By David F. Rooney
Initial work in Glacier National Park shows that the deadly White Nose Syndrome fungus that has killed between six and eight million bats in eastern North America has not yet made it to Glacier National Park’s Nakimu Cave.
Ecologist Sarah Boyle said Thursday that bats captured in mist nets she and other Parks scientists erected in the park show that the resident Little Brown Bat population is healthy.
“They were all in very good shape with beautiful fur and feisty — very feisty! — attitudes,” she said in a brief telephone interview from Vancouver.
Bats are enormously important pollinators and pest control specialists and their potential loss to this lethal fungus is a major concern provincially and nationally. WNS is spread by both infected bats and by cavers who may have unwittingly visited a contaminated cave and then tracked the fungal spores into new and previously uncontaminated caves. As it became apparent a few years ago that WNS was decimating bat populations in the East, Parks Canada decided to find out just what kind of resident bat populations were using the high-altitude Nakimu cave system.
Acoustic monitors set up in the caves have recorded the calls of a number of different species, including the Long-Legged Myotis but the only ones that have so-far been physically captured in the mist nets this summer are the Little Brown Bats.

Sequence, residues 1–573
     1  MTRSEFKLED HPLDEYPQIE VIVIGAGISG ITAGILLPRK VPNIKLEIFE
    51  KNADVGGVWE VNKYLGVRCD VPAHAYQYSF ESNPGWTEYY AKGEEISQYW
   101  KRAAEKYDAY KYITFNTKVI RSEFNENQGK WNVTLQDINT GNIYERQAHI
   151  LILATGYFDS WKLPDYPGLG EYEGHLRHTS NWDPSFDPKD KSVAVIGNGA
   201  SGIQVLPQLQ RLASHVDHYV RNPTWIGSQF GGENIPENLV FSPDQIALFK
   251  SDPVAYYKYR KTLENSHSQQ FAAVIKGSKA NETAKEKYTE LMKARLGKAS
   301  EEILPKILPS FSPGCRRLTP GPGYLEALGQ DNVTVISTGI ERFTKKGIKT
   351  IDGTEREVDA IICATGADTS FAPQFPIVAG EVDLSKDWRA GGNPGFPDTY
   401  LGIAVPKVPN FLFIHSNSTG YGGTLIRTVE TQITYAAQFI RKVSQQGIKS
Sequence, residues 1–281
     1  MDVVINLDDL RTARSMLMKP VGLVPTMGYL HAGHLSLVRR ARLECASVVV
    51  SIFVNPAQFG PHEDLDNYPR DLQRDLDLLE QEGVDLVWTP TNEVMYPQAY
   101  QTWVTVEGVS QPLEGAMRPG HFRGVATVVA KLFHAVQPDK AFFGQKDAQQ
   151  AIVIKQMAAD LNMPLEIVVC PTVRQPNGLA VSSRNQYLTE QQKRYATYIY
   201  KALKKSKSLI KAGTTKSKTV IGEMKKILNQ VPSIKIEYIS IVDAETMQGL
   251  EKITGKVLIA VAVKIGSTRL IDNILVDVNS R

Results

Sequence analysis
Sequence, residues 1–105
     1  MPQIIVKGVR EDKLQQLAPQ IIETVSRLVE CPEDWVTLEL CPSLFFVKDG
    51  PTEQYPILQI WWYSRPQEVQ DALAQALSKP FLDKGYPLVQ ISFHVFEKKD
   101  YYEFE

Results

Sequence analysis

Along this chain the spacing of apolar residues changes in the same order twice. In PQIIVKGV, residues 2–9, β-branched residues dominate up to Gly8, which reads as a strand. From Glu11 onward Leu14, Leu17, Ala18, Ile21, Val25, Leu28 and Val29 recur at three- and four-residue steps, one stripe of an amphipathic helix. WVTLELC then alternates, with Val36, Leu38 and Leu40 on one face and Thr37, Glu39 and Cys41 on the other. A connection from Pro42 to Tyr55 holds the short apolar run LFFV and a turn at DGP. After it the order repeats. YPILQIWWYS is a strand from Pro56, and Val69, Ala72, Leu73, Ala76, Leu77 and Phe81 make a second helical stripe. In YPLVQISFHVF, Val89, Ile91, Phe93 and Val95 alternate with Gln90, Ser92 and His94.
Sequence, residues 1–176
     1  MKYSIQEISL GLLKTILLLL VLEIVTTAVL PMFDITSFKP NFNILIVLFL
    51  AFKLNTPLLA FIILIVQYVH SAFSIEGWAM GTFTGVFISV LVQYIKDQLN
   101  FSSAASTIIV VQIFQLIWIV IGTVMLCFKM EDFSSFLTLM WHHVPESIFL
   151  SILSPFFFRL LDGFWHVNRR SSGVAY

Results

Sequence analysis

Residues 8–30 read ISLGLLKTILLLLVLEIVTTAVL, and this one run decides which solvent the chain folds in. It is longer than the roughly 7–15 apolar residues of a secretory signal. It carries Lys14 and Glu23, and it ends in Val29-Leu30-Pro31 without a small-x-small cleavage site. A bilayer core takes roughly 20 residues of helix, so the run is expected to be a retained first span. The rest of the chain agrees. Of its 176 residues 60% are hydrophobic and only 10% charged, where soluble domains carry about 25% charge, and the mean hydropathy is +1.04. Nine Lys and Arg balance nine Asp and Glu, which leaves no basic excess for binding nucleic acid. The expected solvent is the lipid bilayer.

Boyle said that in order to protect species like the Little Brown Bat, scientists need to know, first, if WNS is in the caves and, second, what bats use the caves, particularly as winter roosts called hibernacula where they can safely hibernate during the winter. Those hibernacula are where most of the bat deaths have occurred in the East.
The Nakimu Cave’s potential usage by bats is not necessarily as obvious as you might think. The guano deposits that might normally be a clue as to the caves’ usage by bat populations are frequently washed away by melting snow every spring. So no one is certain if bats use it as a hibernacula.
Mini data loggers were also installed to record humidity and temperature as some bat species prefer to hibernate or roost in caves that are humid and above 0° Celsius. The data collected will be used to establish base-line data on cave conditions.
Here is a small selection of photos of Parks staff at work on this important bat survey:
By David F. Rooney